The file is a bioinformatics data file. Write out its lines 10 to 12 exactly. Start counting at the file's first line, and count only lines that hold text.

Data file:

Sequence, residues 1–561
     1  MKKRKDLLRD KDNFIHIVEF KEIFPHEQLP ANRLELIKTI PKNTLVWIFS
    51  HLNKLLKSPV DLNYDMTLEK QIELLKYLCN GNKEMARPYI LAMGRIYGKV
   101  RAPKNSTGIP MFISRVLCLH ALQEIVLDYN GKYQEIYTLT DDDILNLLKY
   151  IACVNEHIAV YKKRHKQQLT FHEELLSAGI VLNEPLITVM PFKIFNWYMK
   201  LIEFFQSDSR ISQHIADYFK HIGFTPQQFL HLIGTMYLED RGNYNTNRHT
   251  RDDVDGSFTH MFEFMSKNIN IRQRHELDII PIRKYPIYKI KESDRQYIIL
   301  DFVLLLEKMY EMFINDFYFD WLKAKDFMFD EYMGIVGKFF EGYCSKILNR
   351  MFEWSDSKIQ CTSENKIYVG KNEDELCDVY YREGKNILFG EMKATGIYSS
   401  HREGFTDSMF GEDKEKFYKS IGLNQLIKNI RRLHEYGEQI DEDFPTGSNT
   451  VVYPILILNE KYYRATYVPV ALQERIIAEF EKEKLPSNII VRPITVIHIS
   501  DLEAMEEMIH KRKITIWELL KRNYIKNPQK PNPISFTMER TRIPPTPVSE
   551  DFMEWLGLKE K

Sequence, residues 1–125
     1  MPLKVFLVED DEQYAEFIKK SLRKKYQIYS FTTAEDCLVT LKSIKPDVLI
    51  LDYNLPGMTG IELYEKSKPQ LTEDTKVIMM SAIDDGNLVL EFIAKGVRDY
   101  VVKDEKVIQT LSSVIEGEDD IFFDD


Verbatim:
   401  HREGFTDSMF GEDKEKFYKS IGLNQLIKNI RRLHEYGEQI DEDFPTGSNT
   451  VVYPILILNE KYYRATYVPV ALQERIIAEF EKEKLPSNII VRPITVIHIS
   501  DLEAMEEMIH KRKITIWELL KRNYIKNPQK PNPISFTMER TRIPPTPVSE